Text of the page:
Phoenix issuant, wings displayed and elevated, coming from her nest of fire Meuble heraldique Phenix.svg
Phoenix issuant, wings displayed and elevated, coming from her nest of fire
Dove volant (wings addorsed and elevated) Heraldique meuble Colombe.svg
Dove volant (wings addorsed and elevated)
Stork vigilant Cigogne patte posee.svg
Stork vigilant


A bird displayed is shown affronté with its head turned to dexter and wings spread to the sides to fill the area of the field. This position is presumed of the eagle, and the symbolic use of eagles in this position was well established even before the development of heraldry, going back to Charlemagne. [18]


A bird overt ("open") or disclosed has wings open and pointing downward.


Close ("closed"), the bird's equivalent of statant, is shown in profile and at rest with its feet flat on the ground and its wings folded at its sides. Trussed is the term used for domestic or game birds, implying the bird is tied up or caught in a net respectively, and is not applied to predator birds like the eagle and hawk. Perched is overt while sitting atop a charge. If a bird's attitude is not blazoned, it is assumed to be close; the exception is the eagle, whose default attitude is displayed.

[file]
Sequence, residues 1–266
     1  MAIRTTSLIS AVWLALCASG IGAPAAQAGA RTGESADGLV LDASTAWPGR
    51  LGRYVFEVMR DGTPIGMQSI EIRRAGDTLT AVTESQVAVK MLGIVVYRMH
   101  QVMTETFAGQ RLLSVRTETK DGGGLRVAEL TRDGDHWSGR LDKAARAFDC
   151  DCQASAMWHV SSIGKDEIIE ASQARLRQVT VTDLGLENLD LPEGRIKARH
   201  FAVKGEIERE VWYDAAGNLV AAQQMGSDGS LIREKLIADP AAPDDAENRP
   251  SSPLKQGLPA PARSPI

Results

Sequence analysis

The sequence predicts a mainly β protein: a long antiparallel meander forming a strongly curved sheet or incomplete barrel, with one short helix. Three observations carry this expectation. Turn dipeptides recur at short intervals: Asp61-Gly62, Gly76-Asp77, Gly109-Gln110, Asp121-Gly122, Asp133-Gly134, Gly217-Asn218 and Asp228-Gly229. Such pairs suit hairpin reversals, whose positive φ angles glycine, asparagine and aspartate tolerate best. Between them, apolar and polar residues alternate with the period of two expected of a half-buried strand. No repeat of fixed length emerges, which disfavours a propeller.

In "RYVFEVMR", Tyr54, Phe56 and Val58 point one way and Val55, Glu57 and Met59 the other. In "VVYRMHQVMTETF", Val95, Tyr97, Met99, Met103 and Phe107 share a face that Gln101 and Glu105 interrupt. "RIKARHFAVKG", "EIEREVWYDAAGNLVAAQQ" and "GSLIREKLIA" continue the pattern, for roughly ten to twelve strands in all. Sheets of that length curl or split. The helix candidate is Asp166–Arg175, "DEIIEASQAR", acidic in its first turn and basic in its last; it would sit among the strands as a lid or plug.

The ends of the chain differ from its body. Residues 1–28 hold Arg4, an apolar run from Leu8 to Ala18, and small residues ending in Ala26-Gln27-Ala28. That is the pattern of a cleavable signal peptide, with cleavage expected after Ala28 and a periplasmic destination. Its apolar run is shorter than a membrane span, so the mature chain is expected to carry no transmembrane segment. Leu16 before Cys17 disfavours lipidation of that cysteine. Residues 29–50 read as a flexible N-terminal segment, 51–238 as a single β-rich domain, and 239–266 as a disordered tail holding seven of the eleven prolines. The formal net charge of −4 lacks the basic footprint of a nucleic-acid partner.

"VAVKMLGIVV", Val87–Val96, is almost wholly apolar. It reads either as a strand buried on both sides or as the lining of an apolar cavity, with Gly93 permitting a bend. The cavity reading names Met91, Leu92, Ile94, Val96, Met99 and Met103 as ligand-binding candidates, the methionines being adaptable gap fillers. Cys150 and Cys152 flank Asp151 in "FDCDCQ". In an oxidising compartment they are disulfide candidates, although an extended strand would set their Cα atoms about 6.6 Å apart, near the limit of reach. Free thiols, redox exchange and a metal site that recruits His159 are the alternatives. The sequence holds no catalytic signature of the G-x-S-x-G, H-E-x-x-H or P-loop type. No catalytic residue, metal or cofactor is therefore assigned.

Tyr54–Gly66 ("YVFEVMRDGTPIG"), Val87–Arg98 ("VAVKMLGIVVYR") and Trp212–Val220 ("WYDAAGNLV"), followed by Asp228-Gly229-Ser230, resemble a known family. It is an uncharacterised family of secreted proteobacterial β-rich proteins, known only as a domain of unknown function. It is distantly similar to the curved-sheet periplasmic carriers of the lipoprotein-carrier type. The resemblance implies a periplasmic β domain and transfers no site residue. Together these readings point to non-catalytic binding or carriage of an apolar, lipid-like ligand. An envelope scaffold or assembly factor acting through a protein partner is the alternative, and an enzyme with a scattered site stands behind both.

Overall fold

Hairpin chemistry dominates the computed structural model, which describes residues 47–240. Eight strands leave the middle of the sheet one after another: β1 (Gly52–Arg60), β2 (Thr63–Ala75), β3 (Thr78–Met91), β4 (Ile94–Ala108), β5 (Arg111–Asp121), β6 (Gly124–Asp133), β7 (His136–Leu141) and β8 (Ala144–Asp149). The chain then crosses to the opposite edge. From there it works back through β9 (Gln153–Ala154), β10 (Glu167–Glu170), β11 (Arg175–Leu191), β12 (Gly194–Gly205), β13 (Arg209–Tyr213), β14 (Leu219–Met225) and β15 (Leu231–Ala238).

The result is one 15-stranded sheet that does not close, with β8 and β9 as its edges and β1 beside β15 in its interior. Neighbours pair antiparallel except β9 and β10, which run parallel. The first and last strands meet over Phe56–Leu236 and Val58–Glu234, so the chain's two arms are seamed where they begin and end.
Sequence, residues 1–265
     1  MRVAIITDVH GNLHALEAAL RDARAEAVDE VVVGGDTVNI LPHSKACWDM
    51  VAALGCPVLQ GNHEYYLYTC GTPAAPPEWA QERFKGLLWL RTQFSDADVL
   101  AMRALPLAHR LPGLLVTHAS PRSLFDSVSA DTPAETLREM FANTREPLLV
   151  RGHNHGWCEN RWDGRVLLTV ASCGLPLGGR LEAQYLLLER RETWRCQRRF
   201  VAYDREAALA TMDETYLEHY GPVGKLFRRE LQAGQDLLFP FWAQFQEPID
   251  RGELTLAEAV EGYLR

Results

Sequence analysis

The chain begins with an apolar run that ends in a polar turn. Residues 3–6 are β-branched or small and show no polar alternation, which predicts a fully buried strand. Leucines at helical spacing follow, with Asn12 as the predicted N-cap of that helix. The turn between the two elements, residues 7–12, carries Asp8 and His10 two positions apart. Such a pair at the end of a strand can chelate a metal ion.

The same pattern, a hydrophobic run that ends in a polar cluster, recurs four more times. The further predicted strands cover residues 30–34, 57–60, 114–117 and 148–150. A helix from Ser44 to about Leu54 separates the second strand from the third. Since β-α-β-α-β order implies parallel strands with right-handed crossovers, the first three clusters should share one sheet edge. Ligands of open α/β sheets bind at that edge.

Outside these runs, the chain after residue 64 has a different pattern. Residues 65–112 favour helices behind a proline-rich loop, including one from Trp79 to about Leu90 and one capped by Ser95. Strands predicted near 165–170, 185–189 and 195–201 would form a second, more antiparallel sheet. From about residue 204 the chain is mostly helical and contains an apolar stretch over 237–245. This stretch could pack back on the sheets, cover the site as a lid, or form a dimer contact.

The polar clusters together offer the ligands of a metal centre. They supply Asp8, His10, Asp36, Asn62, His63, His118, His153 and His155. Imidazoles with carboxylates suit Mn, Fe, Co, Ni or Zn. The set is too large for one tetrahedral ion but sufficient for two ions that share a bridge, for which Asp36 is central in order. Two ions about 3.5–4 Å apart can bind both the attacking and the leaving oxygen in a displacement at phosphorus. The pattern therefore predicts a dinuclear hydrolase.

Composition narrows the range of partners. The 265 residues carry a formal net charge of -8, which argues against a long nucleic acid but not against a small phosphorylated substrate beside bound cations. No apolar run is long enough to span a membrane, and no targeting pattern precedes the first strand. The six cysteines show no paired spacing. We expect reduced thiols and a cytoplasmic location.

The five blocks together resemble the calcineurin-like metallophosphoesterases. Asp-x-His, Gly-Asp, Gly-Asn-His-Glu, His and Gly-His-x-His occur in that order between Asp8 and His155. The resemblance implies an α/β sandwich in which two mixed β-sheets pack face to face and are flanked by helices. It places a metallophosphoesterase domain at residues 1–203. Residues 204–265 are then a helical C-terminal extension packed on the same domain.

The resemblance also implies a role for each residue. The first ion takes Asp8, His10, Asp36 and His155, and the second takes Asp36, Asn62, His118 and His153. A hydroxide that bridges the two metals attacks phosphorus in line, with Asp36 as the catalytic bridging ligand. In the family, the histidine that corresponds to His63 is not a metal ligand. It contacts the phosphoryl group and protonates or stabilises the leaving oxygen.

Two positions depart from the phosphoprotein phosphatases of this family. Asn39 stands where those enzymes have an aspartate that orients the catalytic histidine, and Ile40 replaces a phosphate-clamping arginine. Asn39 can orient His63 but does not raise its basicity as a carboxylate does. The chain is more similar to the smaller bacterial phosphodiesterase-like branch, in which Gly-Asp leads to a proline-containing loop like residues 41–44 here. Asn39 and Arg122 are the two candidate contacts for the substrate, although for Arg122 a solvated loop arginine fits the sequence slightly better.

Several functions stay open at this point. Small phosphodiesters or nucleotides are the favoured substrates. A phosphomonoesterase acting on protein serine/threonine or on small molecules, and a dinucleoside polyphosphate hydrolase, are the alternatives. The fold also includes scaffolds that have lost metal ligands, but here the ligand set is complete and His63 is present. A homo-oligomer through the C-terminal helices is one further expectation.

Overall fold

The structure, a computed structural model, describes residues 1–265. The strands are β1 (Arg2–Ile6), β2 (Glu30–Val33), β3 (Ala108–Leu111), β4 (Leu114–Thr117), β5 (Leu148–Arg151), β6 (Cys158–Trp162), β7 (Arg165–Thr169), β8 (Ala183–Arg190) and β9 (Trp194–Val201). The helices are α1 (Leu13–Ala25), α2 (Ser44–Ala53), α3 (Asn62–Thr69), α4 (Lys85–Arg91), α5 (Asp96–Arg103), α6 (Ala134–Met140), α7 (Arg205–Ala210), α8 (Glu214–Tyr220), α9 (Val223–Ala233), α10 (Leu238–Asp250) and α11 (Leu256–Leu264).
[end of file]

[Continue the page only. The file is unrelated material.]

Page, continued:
Used to describe a phoenix, though potentially other flying creatures as well, when depicted arising from, for example, a line of flames, a coronet, an amphora, etc. [19]


A bird rising, rizant [20] [21] or rousant faces dexter with its head upturned, wings raised, and standing on the tips of its feet as if about to take flight. A bird rising may have its wings described as either displayed or addorsed, and the wings may be further described as elevated or inverted.


A bird volant faces the dexter with its wings spread in flight (usually shown addorsed and elevated) and its legs tucked under its body. Volant en arrière is when the bird is shown from a top-down perspective with the head facing straight ahead, its back to the viewer, and the wings spread in flight (usually shown displayed and inverted). A bird volant is considered in bend ("diagonal") as it is flying from the lower sinister to the upper dexter of the field.


An eagle volant recursant descendant in pale, the emblem of the 38th Air Division of the US Air Force 38th Air Division crest.jpg
An eagle volant recursant descendant in pale, the emblem of the 38th Air Division of the US Air Force

An eagle or hawk shown recursant has its back towards the viewer, e.g., "an eagle volant recursant descendant in pale" is an eagle flying downward in the vertical center of the shield with its back towards the viewer.


A crane vigilant Crane vigilant.jpg
A crane vigilant

A crane standing on one leg (usually with a stone held in the other foot) may be called vigilant or in its vigilance (e.g. Waverley Borough Council's "crane in its vigilance" [22] ). A stone is usually shown held in the claw of the raised leg. This is as per the bestiary myth that cranes stayed awake by doing so. If it dozed, the crane would supposedly drop the rock, waking itself up.